There is an ‘orientalism’ projected onto particular suburbs as the fear of the mob engenders its own stereotypes, not only racialised but classed. The project of militarisation can be seen then as part of a strategy of homogeneity, or, at best, managed diversity, drawing clear boundaries of inclusion and exclusion. This categorising of urban space is predicated on hegemonic, shared ideas about what that space should constitute, who and what should be in it, and that these values and associated practices should be maintained.

Yet it is also the disorder of cities that is part of their attraction. Creative industries are centred on urban spaces precisely because they offer the potential for innovation. The necessity of managing diversity and the challenges of urban conurbations, from the environment to how we live together, is the mother of invention. Therefore, there is an inherent tension in all urban space between release and restraint, the desire for order and the desire for change.

As a result the city has always been the site of contested politics and resistance. And just as urban authorities redefine our understanding of security, so too can we broaden our understanding of what resistance can entail, including the use of creative cultural production and imagination to redefine the meaning of a place. Diverse struggles have adopted this approach to dissent through developing alternatives under the radar of the state, often formed around specific issues relating to gender, work, the environment, identity, or neighbourhood.

Creativity, embedded in new forms of dissent, can generate a counter-narrative to the discourses of ‘invasion’ and ‘war’, on drugs, crime and terror. Whether it is subversive jokes spread virally through social media, graffiti, the refusal to move, or collective movement in a particular direction, boundaries and military technology can be challenged.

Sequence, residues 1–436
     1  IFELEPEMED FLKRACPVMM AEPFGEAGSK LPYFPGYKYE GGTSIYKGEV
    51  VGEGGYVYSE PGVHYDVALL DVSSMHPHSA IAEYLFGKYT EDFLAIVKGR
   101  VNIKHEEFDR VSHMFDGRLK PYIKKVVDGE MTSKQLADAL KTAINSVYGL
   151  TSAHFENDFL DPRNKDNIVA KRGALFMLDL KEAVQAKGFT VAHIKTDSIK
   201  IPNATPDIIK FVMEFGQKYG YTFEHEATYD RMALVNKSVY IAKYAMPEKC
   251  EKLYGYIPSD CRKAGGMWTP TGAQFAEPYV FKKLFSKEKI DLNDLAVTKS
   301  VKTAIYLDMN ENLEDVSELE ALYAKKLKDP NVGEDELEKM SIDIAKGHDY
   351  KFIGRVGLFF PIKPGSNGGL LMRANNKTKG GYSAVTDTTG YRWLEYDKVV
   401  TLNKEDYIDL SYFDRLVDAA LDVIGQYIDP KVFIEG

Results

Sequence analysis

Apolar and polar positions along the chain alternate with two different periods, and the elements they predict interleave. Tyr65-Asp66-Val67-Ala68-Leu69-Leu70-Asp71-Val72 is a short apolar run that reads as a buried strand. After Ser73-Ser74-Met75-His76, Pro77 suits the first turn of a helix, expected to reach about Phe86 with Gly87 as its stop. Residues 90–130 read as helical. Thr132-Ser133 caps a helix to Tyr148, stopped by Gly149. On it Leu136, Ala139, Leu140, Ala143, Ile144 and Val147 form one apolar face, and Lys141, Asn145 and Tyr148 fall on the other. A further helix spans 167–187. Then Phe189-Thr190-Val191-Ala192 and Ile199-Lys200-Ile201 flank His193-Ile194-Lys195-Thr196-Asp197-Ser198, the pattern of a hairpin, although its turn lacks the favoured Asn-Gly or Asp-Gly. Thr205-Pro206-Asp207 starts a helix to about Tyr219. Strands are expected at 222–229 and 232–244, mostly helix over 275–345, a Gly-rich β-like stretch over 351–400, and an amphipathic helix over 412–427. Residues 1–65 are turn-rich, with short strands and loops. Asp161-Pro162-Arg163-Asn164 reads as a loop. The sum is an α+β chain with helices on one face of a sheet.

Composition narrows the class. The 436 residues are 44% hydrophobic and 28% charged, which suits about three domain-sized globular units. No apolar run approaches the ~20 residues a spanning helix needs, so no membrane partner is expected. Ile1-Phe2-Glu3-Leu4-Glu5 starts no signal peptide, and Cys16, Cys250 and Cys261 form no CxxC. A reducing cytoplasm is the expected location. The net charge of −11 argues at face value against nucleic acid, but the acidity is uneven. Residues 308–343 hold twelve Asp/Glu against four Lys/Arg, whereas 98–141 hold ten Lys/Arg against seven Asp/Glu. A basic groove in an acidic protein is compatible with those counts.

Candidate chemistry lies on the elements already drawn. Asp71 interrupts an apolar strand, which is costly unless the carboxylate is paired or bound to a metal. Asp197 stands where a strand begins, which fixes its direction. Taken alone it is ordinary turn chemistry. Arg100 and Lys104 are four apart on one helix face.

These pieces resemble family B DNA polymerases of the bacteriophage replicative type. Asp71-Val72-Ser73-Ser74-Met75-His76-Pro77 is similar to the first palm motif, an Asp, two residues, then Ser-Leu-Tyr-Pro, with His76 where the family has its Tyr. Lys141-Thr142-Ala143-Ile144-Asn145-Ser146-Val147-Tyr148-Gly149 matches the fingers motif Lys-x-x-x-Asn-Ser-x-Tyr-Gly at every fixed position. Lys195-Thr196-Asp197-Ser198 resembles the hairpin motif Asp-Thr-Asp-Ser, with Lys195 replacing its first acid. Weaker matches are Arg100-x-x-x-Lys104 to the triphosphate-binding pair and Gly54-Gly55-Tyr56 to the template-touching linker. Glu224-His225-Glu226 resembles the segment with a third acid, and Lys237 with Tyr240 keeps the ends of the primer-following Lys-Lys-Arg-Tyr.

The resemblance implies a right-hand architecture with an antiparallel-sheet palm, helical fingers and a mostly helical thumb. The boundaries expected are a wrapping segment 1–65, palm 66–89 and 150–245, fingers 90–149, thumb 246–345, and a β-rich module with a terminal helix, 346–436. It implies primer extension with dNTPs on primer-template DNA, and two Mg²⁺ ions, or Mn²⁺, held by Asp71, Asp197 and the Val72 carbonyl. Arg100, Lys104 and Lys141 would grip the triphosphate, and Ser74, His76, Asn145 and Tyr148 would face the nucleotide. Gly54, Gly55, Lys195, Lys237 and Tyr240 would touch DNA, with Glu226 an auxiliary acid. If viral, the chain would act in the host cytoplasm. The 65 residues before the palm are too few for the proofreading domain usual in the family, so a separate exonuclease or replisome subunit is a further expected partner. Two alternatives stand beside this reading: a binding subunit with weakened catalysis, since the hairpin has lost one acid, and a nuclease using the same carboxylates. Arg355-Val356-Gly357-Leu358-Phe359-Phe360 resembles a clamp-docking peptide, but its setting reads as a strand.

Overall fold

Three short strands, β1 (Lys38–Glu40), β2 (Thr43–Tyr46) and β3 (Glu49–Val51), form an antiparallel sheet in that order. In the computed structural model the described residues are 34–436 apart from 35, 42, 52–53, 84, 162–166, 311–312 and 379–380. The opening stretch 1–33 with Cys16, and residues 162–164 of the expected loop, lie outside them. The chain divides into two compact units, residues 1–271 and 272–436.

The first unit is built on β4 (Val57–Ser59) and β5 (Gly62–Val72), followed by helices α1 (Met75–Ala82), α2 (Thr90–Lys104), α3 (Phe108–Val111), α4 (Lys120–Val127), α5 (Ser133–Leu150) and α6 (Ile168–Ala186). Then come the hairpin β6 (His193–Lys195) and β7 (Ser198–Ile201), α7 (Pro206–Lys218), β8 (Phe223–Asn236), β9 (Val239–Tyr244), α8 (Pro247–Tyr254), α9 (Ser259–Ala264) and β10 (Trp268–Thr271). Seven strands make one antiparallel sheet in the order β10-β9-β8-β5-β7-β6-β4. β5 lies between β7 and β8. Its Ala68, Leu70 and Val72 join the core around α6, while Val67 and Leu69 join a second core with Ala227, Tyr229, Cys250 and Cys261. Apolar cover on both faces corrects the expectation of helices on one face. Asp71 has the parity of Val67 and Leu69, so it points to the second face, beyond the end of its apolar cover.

These are frequently cultural struggles: that is, not only over material conditions and needs, but also over the meaning of everyday life, including, as French sociologist Henri Lefebvre asked, who has the right to the city. The global Occupy movement is a good example, as is the claiming of Tahrir Square in Cairo as the heart of the social revolution in Egypt. From Beijing to Dublin, urban protest movements from disadvantaged neighbourhoods have been associated with the preservation of social spaces, challenging the dominant political and economic influences in cities that direct gentrification and securitisation programmes.

Re-appropriating space, or redefining what is possible within it, has become an integral part of redefining new forms of democracy. So while the desire for order may see a battery of ‘security solutions’ imposed onto a city, legitimacy can still be withdrawn. It is impossible to give up on the human capacity to dissent, no matter how sophisticated the technological hardware marshalled against it.

Further reading

Global Ethnography
Edited by Michael Burawoy et al, University of California Press

Dissent and Cultural Resistance in Asia’s Cities
Edited by Melissa Butcher & Selvaraj Velayutham, Routledge

Cities Under Siege: the New Military Urbanism
Stephen Graham , UK: Verso.